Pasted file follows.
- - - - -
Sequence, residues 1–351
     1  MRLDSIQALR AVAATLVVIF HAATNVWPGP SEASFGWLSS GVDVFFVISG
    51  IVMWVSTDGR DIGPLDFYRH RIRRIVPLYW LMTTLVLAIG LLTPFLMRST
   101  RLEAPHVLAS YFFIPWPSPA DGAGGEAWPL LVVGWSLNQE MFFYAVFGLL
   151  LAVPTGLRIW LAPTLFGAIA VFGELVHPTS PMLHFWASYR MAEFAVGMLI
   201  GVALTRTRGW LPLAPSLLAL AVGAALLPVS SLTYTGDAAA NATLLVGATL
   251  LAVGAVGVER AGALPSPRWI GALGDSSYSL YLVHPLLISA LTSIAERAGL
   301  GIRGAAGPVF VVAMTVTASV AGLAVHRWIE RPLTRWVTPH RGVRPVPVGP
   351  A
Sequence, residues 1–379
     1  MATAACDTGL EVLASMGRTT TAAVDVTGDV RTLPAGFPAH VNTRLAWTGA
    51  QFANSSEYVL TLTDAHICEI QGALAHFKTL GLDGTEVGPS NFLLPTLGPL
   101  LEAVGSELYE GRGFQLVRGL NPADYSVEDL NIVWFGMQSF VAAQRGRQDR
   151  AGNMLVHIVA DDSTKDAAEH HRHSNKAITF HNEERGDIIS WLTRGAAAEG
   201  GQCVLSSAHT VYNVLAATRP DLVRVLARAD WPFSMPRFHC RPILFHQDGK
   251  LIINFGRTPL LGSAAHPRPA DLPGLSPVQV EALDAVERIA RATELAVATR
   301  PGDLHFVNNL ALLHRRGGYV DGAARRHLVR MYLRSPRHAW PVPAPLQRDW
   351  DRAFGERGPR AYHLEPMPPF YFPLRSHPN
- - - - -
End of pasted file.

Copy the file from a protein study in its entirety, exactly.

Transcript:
Sequence, residues 1–351
     1  MRLDSIQALR AVAATLVVIF HAATNVWPGP SEASFGWLSS GVDVFFVISG
    51  IVMWVSTDGR DIGPLDFYRH RIRRIVPLYW LMTTLVLAIG LLTPFLMRST
   101  RLEAPHVLAS YFFIPWPSPA DGAGGEAWPL LVVGWSLNQE MFFYAVFGLL
   151  LAVPTGLRIW LAPTLFGAIA VFGELVHPTS PMLHFWASYR MAEFAVGMLI
   201  GVALTRTRGW LPLAPSLLAL AVGAALLPVS SLTYTGDAAA NATLLVGATL
   251  LAVGAVGVER AGALPSPRWI GALGDSSYSL YLVHPLLISA LTSIAERAGL
   301  GIRGAAGPVF VVAMTVTASV AGLAVHRWIE RPLTRWVTPH RGVRPVPVGP
   351  A
Sequence, residues 1–379
     1  MATAACDTGL EVLASMGRTT TAAVDVTGDV RTLPAGFPAH VNTRLAWTGA
    51  QFANSSEYVL TLTDAHICEI QGALAHFKTL GLDGTEVGPS NFLLPTLGPL
   101  LEAVGSELYE GRGFQLVRGL NPADYSVEDL NIVWFGMQSF VAAQRGRQDR
   151  AGNMLVHIVA DDSTKDAAEH HRHSNKAITF HNEERGDIIS WLTRGAAAEG
   201  GQCVLSSAHT VYNVLAATRP DLVRVLARAD WPFSMPRFHC RPILFHQDGK
   251  LIINFGRTPL LGSAAHPRPA DLPGLSPVQV EALDAVERIA RATELAVATR
   301  PGDLHFVNNL ALLHRRGGYV DGAARRHLVR MYLRSPRHAW PVPAPLQRDW
   351  DRAFGERGPR AYHLEPMPPF YFPLRSHPN